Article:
Thursday, August 07, 2003
What do I mean when I describe myself as a "trial lawyer"?
To the limited extent the general public has any consensus of understanding, it probably associates the phrase "trial lawyer" with members of the plaintiffs' personal injury bar — generally speaking, those lawyers who make a full-time career of representing only injured individuals (or clumps of 'em) as plaintiffs (that is, those doing the suing) against deep-pocket defendants (typically either businesses or individuals who have insurance coverage, or sometimes those businesses or individuals whose net worths make them otherwise worth chasing), usually on a percentage contingent fee basis.
Indeed, this subset of lawyers has tried to expropriate the phrase "trial lawyer" for their own exclusive use — an example being the "Texas Trial Lawyers Association," which refuses full membership, for example, to those courtroom lawyers who commonly represent defendants instead of, or even sometimes in addition to, plaintiffs. I regret that imprecision, and somewhat resent the implied arrogance. Although I've never belonged to the TTLA or its national counterpart organization of plaintiffs' personal injury lawyers, I have, however, made my living during portions of my career primarily by representing injured individuals as plaintiffs. When done ethically and professionally, that can be a noble calling; it's very unfortunate but undeniably true that some members of the plaintiffs' personal injury bar fall short of those goals. But whether you love them or hate them, the lawyers who represent injured people are not the only "trial lawyers" around — and indeed, quite a few of them aren't genuine "trial lawyers" either, as I use the term.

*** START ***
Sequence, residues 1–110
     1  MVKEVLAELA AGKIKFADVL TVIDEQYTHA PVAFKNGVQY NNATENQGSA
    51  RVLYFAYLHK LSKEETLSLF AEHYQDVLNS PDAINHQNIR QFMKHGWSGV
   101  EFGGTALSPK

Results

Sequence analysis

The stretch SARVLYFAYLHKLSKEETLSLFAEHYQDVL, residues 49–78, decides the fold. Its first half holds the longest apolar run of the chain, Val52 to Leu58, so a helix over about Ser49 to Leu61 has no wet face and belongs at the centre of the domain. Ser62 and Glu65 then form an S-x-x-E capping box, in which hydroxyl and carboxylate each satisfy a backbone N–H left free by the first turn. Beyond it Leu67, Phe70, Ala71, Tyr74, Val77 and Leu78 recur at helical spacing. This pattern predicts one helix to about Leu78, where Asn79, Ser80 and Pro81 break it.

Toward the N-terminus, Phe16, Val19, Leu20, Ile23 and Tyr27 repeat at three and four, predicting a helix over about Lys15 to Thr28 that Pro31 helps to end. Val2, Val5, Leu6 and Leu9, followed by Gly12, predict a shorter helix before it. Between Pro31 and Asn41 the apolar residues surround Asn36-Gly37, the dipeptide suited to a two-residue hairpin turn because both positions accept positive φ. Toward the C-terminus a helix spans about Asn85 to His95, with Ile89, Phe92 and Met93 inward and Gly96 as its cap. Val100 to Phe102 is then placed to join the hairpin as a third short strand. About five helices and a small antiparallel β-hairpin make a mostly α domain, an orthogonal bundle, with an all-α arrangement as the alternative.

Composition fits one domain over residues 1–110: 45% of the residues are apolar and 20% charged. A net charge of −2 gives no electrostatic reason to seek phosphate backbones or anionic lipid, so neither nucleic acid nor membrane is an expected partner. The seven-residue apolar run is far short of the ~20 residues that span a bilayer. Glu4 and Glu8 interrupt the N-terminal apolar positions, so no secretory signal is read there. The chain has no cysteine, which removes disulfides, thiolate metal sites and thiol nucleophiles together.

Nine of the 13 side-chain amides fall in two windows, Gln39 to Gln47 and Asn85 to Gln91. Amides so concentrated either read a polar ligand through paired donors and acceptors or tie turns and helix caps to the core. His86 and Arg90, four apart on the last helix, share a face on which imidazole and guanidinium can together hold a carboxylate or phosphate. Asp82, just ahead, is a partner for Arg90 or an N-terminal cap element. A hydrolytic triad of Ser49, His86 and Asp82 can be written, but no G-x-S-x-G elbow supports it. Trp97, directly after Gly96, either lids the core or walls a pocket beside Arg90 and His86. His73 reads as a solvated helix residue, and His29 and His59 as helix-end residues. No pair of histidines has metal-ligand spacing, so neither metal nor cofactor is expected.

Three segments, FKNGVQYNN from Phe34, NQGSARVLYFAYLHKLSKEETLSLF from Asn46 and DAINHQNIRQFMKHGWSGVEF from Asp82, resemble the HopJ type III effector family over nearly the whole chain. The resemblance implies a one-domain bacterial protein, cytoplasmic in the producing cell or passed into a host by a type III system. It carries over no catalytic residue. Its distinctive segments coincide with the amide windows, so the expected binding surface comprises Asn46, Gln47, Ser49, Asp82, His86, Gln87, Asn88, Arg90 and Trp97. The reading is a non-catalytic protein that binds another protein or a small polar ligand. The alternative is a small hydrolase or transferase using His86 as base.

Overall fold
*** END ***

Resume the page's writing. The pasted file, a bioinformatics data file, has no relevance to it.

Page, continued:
No, in my (never-too-humble) opinion, the term "trial lawyer" means, or ought to be understood to mean, simply "a lawyer who actually and regularly goes to trial."
That includes both criminal practice, which means cases in which some instrument of government (like the district attorney) claims that a defendant ought to go to jail and/or pay a fine for committing a crime, and also civil practice, which is just about everything else (and typically means someone suing for an award of money based a claim that the defendant engaged in some noncriminal misbehavior, breech of contract, or so forth, and also suits involving family and probate law).
There are, however, a vast number of lawyers who "handle lawsuits" — either pressing them (as lawyers for plaintiffs) or defending them (as lawyers for defendants) — and yet who, as a practical matter, essentially never actually go to trial. These aren't "trial lawyers" — instead, they're more properly described as "litigators." All trial lawyers are litigators, but not vice versa. Indeed, "litigator" is a term that real trial lawyers usually use with some degree of disdain. Those who are only litigators (that is, those who aren't also trial lawyers) often proudly call themselves "litigators" because they think it sounds more sophisticated — but it's really because they don't know better.
Almost without exception, the very best and most capable lawyers I've ever met — in whatever kind of case, on whichever side of the docket, and including those who handle the biggest cases with the highest stakes — have proudly considered themselves to be "trial lawyers," rather than "mere litigators."